Patty Jenkins wasn’t even finished making “ Wonder Woman ” when she started dreaming up a sequel for her and star Gal Gadot. The first film had the weight of both female-fronted superhero films and female-directed blockbusters on its shoulders and had yet to prove the skeptics wrong. But Jenkins had a hunch it was going to be a success.
Besides, she thought, she hadn’t technically gotten to make a “Wonder Woman” film yet.
“That first film was a birth of a hero,” Jenkins said. “Now I wanted to do something with that hero.”
There was never a specific threshold that the first had to meet, but producer Charles Roven said a follow-up was “undeniable.” “Wonder Woman” was not only a critical and box office success, making $821 million globally, but it also hit a cultural nerve. It became the event film that everyone had dreamed and Jenkins knew that it was time to ask for what she wanted and deserved.
On the sequel's long journey to audiences, Jenkins would secure an historic and equitable raise for herself, figure out a way to resurrect Chris Pine’s character from the dead and agree to a release plan that even a few months ago would have been unthinkable: Putting the $200 million film in
“Wonder Woman 1984,” a poppy, maximalist fast-forward in Diana Prince’s journey set in an age of excess, ups the ante with action, practical effects and globe-trotting that even James Bond would find grueling. Over the course of the eight-month shoot, the stunt and effects teams — and often Gadot — were put to the test executing wildly ambitious sequences including an Amazonian games with 242 stunt women, a difficult mid-air rescue requiring complex wire rig work in a real mall’s atrium and a 360-degree aerial truck flip that had never been done before.
“I don’t believe that sequels always have to be bigger. And I think you can get in a lot of trouble doing that,” Jenkins said. “But in this case, I was actually aiming for a very specific thing, which is the type of ’80s movies that I saw that were colossal extravaganzas for the whole family and joyful on every level.”
The film, which plops audiences into the neon-hued 1980s, introduces two villains from the comics in the insecure scientist Barbara Minerva turned rival, Cheetah, played by Kristen Wiig, and the ambitious businessman Maxwell Lord, played by “The Mandalorian’s” Pedro Pascal. Both put a changed Diana to the test.
“We find a very different Diana than the wide-eyed one that we established in the first one,” Gadot said. “She’s very lonely.”
But she gets a glimpse of happiness when Pine’s Steve Trevor reappears in her life nearly 70 years after his death.
“In many ways my job is to fall in love with Gal and be her staunchest supporter and ally,” Pine said. “The big disparity between the two is in the first I’m this kind of jaded realist and the second I’m now essentially a... light and bright sidekick.”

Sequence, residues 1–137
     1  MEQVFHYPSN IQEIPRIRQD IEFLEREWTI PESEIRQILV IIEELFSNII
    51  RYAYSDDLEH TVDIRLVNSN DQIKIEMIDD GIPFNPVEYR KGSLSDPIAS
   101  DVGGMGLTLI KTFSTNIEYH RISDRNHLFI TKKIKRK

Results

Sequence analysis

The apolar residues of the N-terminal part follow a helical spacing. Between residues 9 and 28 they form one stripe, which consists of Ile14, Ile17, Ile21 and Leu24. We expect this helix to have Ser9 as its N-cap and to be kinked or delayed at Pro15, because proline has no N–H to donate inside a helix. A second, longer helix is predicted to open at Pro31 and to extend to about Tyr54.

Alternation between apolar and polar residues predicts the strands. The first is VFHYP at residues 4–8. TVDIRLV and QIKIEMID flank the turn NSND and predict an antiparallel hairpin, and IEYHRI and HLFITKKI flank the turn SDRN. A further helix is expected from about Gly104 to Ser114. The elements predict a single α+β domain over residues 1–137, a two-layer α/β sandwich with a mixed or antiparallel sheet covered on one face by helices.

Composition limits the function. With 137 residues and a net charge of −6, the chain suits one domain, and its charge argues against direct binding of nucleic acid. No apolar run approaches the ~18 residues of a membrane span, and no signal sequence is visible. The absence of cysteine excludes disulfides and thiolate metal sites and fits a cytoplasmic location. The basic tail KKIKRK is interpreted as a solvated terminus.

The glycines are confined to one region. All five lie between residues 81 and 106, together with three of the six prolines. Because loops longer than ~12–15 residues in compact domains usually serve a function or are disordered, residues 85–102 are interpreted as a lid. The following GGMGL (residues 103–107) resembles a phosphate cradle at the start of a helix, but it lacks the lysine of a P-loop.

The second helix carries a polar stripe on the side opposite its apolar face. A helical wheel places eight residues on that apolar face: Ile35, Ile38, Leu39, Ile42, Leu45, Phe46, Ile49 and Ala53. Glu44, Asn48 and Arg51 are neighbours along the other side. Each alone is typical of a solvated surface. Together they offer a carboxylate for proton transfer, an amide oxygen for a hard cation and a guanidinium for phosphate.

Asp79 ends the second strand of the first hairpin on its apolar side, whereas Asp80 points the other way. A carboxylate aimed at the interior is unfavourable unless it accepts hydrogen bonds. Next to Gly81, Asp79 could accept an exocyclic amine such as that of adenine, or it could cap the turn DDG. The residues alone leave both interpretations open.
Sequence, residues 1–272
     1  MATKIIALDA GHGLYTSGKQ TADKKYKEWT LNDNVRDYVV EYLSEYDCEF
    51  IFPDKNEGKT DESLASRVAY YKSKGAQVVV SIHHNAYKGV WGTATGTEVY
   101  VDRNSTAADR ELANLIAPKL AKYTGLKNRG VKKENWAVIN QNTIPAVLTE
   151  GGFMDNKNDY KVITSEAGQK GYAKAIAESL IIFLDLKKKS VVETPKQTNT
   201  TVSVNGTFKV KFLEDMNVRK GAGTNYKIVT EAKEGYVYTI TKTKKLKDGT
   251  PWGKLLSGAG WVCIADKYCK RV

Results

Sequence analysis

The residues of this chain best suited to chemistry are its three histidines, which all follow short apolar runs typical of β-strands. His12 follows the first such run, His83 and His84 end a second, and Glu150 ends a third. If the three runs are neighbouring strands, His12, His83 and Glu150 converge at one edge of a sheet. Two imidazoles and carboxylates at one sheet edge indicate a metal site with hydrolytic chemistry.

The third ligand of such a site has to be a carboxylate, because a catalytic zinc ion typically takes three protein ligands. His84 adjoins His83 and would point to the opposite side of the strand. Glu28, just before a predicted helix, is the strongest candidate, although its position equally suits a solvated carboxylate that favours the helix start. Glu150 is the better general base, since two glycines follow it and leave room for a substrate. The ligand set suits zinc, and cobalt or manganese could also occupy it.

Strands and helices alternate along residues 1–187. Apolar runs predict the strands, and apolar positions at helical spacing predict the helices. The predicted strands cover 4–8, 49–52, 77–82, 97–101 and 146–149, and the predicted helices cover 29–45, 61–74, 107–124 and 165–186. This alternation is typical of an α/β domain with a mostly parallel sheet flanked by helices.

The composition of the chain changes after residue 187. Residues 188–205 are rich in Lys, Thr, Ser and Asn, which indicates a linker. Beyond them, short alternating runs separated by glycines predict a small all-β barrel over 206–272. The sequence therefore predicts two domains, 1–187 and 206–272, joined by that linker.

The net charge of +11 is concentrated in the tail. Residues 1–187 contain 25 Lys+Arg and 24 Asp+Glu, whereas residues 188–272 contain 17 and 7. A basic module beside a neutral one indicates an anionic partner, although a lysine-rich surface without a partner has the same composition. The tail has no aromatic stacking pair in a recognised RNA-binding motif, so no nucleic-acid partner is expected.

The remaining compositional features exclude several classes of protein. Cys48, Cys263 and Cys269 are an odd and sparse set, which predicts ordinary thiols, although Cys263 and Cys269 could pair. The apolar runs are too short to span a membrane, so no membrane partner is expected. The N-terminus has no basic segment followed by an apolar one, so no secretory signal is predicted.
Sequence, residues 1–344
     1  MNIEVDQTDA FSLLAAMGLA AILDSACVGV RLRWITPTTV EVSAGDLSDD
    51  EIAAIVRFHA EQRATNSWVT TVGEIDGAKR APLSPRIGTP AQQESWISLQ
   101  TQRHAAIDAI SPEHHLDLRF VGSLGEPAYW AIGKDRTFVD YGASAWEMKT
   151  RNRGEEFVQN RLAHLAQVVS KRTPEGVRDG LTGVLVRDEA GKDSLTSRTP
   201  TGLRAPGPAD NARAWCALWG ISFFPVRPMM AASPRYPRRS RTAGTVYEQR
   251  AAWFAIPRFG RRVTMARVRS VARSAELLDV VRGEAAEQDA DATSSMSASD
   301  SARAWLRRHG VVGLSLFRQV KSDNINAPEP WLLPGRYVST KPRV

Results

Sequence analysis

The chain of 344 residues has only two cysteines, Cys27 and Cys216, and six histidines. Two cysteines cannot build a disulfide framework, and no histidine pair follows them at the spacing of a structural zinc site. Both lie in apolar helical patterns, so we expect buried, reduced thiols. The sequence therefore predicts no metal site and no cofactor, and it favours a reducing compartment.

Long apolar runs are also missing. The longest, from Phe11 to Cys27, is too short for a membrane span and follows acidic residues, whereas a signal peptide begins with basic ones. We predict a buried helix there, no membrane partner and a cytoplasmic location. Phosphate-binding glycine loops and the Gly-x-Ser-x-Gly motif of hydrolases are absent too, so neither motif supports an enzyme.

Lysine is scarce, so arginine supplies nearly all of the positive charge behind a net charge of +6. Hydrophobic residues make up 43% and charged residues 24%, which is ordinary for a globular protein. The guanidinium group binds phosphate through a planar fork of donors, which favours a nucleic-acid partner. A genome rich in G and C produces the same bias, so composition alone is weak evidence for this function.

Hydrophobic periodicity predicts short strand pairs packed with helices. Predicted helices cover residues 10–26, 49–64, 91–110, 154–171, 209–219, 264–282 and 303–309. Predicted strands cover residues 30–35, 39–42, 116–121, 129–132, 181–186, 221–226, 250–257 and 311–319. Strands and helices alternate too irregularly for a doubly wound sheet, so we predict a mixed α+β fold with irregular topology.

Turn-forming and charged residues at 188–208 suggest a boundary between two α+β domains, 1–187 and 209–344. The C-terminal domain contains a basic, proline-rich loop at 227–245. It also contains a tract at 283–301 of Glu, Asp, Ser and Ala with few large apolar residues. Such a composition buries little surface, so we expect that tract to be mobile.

Although, he said, playing a man from 1918 suddenly grappling with 1980s technologies proved “deceptively difficult.”
The marathon shoot, and reshoots, were taxing. Jenkins said she’s been told that “Wonder Woman 1984” is the hardest film many of the crew had ever done. But no one could have planned for just how complicated it would be to simply get the film to audiences.
In one timeline, “Wonder Woman 1984” might have been one of the year’s most profitable films and the crown jewel in a banner year for female-directed blockbusters. The pandemic upended all of that, however, and suddenly Jenkins, Roven, Gadot and everyone at Warner Bros. found themselves chasing an ideal theatrical release date that would never come, at least not in 2020.
As the Christmas date neared and coronavirus cases continued spiking in the U.S., they agreed on a compromise to release the film in
“It wasn’t an easy decision,” Gadot said. “I’m just relieved that we’re going to share the movie now.”
The “Wonder Woman 1984” agreement, which The New York Times reported included extra millions for both Gadot and Jenkins to make up for lost back-end profits, was made before Warner Media announced that all its 2021 films would follow suit, blindsiding its other filmmakers and partners. The controversial strategy has been criticized by both top filmmakers like Christopher Nolan and Denis Villeneuve as well as movie
“I am not for this way of doing things in general. But these are strange days and there are no good solutions,” Jenkins said of her own film. “There’s nothing perfect about this release plan and there was nothing perfect about any release plan. And that’s the point.”
But Jenkins is also just excited for audiences to finally see the film and hopes that it might bring a little joy at the end of a trying and devastating year. That it’ll be on Christmas Day, too, is icing for the self-proclaimed Christmas person.
“Honestly, it brings tears to my eyes the idea that I got to make a film that you would watch for Christmas,” she said. “I just think it’s so special.”
Follow AP Film Writer Lindsey Bahr on Twitter: www.twitter.com/ldbahr
Lindsey Bahr, The Associated Press